One of the useful features of Struts2 is that the method in your Action that you want the framework to execute does not have to be called execute. While this doesn’t sound like much it means that you can re-use the majority of an Action without having to go down the route of inheriting from a base class.
Following up from my previous post of unit testing actions with annotation based validation, someone asked me how you can specify validation on a method other than action, and here’s how. Continue reading
Unit testing Struts actions became a lot easier in Struts 2. With actions being POJOs rather than having to extend a base Action class, unit tests are incredibly simple. Throw in mocking any dependencies using something like Mockito and you have a class that can be unit tested in complete isolation…with one caveat, validation.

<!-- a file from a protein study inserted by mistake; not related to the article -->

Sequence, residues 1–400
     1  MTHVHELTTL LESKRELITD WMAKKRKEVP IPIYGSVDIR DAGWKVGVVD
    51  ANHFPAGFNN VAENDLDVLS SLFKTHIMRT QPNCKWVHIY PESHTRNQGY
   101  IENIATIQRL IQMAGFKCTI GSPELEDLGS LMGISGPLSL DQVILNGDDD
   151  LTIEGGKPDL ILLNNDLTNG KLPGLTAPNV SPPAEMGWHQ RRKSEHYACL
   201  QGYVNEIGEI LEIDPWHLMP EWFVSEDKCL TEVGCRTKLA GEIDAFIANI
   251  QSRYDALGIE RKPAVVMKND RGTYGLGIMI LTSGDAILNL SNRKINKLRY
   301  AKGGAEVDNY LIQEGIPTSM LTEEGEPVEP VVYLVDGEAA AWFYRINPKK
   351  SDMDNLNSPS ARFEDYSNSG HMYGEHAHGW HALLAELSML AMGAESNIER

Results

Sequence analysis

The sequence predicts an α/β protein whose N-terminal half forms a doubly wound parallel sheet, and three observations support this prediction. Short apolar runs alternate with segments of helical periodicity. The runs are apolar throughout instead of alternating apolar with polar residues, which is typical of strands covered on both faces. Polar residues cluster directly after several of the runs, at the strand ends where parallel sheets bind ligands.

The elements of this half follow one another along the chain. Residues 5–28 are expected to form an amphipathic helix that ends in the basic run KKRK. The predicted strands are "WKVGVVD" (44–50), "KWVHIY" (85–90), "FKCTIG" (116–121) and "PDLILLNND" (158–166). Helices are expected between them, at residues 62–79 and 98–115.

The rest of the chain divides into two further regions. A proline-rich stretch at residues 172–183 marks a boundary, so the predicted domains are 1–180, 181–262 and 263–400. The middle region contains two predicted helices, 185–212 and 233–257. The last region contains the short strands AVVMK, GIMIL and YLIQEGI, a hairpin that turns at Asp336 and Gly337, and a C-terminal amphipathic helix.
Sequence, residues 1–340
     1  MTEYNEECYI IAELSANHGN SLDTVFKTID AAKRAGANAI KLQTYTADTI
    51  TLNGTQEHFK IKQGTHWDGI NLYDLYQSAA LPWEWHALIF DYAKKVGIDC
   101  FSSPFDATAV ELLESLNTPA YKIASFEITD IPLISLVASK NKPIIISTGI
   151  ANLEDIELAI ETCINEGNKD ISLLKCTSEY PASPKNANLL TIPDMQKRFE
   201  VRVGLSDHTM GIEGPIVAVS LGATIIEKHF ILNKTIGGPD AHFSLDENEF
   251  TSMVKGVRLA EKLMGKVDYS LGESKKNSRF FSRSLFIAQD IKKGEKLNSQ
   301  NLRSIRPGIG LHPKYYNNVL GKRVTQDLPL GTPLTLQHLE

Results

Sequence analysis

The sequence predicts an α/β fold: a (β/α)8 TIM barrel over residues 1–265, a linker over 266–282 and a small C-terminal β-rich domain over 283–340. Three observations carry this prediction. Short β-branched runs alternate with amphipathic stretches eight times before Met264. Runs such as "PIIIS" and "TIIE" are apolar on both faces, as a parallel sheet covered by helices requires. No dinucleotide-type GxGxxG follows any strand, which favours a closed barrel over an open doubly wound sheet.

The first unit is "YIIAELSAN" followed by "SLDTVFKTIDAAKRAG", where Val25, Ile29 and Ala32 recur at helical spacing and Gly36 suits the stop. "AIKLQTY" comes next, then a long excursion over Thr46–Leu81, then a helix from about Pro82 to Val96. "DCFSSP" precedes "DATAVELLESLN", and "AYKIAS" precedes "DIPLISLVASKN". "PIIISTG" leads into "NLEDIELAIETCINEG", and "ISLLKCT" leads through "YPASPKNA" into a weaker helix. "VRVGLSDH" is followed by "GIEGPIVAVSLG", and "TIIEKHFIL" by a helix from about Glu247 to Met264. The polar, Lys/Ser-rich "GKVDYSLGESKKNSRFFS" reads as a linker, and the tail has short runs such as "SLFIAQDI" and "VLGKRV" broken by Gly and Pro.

While the easiest way to implement validation is to extend the ActionSupport class, you can implement the Validateable and ValidationAware interfaces yourself. Validating the action normally requires you to somehow implement a little bit of the container. This can be done easily enough but it breaks the idea of unit tests just being about the class and starts to wander into the territory of integration tests. Not a big problem really but it can be a real pain in the arse when you have a large project with several hundred tests that all require the initialisation and tear-down of the Struts2 stack.
In Struts 2.0.x, there was a way round this. The class ActionValidatorManagerFactory was provided in the source code that allowed you to create an instance of the ActionValidatorManager. You could use this to call validate on the execute method and you were done.
In Struts 2.1.x, for reasons unknown, the ActionValidatorManager class has been removed. So how are you supposed to validate your actions now? The answer is to re-implement it yourself. Continue reading